July 06, 2023
A child, grandchild, niece or nephew, or just a younger friend with a paying summer job is likely not making a ton of money. But as a parent/grandparent/auntie/uncle/friend, you have a golden opportunity to launch them to their first million dollars. Anyone at any age with earned income is allowed to contribute to a Roth IRA.
A teen or young adult who saves $2,500 a year for 50 years will have more than one million tax-free dollars assuming their Roth account earns an annualized 7%.
Or if we assume that they save $1,000 a year for the first five years, then are able to contribute $5,000 for the next five years their Roth will be worth around $37,000 in 10 years. From there I think it’s reasonable to assume they will be able to save the maximum Roth limit each year. Though that amount is increased from time to time to keep with inflation, I am going to keep it simple here and assume that they contribute a steady $6,500 (the 2023 maximum for anyone younger than 50) for another 40 years. If they do just that they will have more than $1.8 million in tax-free dollars.
I think that’s a mighty compelling conversation starter.
Now of course, you and I know that it’s not exactly an easy sell to suggest to a teen or 20-something that they should save for retirement. This is where you come in.
Offer a matching contribution.
Anyone can help someone else fund a Roth IRA. All the IRS insists on is that the beneficiary (the kid/grandkid etc.) had earned income of at least as much as the total contribution to a Roth for any year. But the contribution can come from other sources. For example, if your child earns $2,500 in 2023 they are eligible to contribute up to $2,500 to their own Roth IRA account, even if none of the actual money comes from their earnings. Their awesome relatives, or amazing friends, can pitch in all the money. (An important note: You don’t need to be related to the beneficiary to help fund their Roth IRA. You can make this retirement gift to anyone you want, as long as they have earned income.)
My preference is that the beneficiary should contribute something. It’s how you start building the vital habit of saving. I think giving them an incentive to save is the way to go. Maybe you propose that for every $1 they contribute you will contribute $10.
Of course, this is only allowed if you yourself are in good financial shape. As for how long you keep doing this, well, that’s up to you. I happen to think it’s the best ongoing gift for a teen or young adult. Think about the legacy of this.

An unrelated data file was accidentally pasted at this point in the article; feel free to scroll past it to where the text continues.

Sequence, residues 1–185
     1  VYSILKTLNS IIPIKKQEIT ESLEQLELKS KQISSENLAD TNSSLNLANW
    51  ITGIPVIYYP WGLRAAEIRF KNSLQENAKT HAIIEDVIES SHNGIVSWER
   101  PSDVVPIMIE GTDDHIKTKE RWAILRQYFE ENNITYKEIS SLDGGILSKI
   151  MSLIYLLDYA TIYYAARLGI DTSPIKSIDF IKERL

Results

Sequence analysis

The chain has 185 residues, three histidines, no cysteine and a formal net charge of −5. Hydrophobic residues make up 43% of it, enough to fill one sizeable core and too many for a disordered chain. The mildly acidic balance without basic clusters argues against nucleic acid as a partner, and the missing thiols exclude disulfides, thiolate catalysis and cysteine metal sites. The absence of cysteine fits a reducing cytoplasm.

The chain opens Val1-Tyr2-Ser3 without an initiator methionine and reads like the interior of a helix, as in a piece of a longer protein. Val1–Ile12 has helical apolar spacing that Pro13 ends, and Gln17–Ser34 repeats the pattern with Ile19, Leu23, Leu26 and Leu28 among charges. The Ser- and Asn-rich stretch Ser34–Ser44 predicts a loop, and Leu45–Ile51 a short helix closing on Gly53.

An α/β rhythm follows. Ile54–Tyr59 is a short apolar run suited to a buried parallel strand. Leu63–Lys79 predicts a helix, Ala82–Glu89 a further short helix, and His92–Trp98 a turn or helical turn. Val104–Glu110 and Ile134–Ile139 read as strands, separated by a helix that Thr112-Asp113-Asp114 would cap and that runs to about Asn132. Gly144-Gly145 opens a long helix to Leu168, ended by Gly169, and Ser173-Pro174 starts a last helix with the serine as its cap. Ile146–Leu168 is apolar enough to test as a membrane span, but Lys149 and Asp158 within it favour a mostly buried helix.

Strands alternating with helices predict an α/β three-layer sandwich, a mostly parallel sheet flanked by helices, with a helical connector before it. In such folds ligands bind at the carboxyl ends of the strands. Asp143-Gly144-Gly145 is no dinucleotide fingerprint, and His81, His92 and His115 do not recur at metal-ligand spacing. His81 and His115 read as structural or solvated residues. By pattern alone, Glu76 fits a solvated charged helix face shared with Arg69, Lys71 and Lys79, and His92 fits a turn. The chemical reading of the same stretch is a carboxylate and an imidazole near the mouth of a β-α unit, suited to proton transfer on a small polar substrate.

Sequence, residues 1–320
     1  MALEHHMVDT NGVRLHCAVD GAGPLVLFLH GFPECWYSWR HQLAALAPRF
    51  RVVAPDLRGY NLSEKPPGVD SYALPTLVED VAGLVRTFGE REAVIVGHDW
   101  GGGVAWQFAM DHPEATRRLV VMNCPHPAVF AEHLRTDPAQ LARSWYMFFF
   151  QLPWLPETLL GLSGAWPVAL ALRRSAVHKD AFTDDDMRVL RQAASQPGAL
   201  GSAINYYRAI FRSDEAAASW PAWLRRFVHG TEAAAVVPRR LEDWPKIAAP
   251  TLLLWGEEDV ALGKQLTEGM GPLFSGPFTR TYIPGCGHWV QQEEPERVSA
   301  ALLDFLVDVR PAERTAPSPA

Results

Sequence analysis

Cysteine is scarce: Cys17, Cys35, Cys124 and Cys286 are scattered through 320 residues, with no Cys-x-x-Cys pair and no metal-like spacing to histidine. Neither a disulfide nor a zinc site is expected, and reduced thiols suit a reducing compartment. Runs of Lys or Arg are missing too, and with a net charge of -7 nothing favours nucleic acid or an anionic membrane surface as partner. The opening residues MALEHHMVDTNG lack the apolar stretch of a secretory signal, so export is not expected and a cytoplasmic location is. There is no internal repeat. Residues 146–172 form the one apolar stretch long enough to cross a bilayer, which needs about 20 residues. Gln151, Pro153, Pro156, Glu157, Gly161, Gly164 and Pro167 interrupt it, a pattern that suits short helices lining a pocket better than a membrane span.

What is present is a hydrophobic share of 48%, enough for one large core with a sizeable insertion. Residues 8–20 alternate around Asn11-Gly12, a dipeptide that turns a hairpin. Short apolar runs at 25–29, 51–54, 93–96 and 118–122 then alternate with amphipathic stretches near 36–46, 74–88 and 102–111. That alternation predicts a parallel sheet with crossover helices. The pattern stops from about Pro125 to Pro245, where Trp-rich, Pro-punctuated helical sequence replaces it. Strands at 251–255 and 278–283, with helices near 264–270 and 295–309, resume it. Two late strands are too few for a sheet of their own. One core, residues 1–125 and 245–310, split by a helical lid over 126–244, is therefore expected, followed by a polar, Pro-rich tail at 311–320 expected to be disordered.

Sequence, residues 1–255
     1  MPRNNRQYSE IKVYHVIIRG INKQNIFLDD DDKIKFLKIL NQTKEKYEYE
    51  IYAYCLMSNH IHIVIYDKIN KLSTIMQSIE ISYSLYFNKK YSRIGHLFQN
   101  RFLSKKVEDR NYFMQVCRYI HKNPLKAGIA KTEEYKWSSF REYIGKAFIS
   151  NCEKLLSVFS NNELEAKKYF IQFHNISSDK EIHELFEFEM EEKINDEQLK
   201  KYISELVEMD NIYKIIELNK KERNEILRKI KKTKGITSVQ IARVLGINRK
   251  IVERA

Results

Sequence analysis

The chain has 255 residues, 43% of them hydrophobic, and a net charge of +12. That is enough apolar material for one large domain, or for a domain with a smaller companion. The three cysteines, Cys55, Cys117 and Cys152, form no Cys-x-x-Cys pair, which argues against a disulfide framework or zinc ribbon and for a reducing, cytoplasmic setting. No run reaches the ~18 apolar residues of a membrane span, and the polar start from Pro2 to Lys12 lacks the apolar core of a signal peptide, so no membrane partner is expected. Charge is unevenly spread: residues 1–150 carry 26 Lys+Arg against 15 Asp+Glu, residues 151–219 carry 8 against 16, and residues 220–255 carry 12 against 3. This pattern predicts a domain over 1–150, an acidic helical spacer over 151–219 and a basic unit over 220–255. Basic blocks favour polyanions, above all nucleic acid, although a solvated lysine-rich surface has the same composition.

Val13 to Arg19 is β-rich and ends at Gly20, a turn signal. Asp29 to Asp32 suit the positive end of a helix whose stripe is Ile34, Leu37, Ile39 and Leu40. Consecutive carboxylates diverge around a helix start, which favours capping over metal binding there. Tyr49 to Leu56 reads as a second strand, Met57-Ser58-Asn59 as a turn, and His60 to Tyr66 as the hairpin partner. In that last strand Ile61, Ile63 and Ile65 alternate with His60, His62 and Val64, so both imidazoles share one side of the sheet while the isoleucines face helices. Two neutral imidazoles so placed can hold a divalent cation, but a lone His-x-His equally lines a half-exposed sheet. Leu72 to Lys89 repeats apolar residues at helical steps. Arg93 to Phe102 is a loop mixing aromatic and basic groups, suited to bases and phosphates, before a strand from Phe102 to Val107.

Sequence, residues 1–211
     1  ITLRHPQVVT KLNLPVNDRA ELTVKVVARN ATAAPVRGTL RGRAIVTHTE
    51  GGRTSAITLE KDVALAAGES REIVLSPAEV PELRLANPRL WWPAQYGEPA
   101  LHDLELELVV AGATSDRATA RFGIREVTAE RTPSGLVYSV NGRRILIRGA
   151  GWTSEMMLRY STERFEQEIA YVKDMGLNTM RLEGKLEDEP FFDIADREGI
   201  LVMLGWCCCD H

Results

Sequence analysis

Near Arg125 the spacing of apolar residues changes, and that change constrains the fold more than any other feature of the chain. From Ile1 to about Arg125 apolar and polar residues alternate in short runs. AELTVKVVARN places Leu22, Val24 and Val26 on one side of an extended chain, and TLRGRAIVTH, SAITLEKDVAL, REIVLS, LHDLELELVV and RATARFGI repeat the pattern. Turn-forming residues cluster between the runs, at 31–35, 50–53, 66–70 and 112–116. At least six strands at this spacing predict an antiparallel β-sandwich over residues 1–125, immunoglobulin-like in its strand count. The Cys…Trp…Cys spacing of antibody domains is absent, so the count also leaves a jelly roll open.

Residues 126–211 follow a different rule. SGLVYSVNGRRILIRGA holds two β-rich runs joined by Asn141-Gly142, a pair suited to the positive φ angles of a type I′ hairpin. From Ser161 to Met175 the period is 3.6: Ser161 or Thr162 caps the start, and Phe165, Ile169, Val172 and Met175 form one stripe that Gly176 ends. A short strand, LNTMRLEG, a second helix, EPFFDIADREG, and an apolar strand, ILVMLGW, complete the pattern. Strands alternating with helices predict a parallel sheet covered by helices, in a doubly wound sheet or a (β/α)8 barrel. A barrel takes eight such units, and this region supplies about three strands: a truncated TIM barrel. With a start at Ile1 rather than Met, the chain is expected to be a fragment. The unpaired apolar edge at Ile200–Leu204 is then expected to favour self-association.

Show them the (future) money.
It’s so easy for them to use an online calculator to see how saving dollars in their teens and early 20s can make it so much easier to accumulate $1 million or more. I have a savings calculator on my website that brings the “magic” of compound growth into vivid view. Start with saving $2,500 a year for 50 years and a 7% rate of return. That will show them an ending balance of nearly $1.1 million. Then have them change the “years to save” to 35 years. That will show them an ending balance of less than $400,000. That’s the best illustration of the hidden trick to growing wealth: time. The more time they have for their money to compound, the more money they will end up with.
They can play around with all the variables on my free calculator. It’s going to be both educational and super motivating. I recommend keeping the rate of return at 7%. Over many decades a portfolio that mixes (mostly) stocks with some bonds has produced a higher annualized return. But I like grounding this lesson in a return assumption that may err on the side of being slightly conservative.
Help them get rolling.
If your child/grandchild/niece/nephew is younger than 18 (or 21 in some states) they will likely need to start saving in a Custodial Roth IRA. The custodial part is that the initial owner of the account must be an adult. That can be you. But once the young saver turns 18 or 21 (it depends on the state they live in) the account will be 100% theirs. Discount brokers including Fidelity, Schwab and Vanguard offer custodial IRAs. You may need to call customer service to get the paperwork rolling; Fidelity has an online signup.
Keep the investing simple.
This is also an opportunity to explain the difference between saving and investing, and how investing is only for long-term goals. Given that their retirement is likely 50 or so years off, their Roth IRA is the ultimate long-term investment. That’s an argument for owning more stocks than bonds. But first, make sure your young investor understands bear markets and is comfortable with seeing their balance fall when a bear hits. (I explain the upside of bear markets here.)
Starting with a “total stock market” index mutual fund or ETF will give them a diversified portfolio of US stocks. Every discount brokerage offers one. They’ve got time to learn more about investing and broadening their portfolio to include international stocks and maybe some bonds as well. For now, a total stock market index fund or ETF is a fantastic low-cost way to help the younger generation get rolling on saving their first $1 million.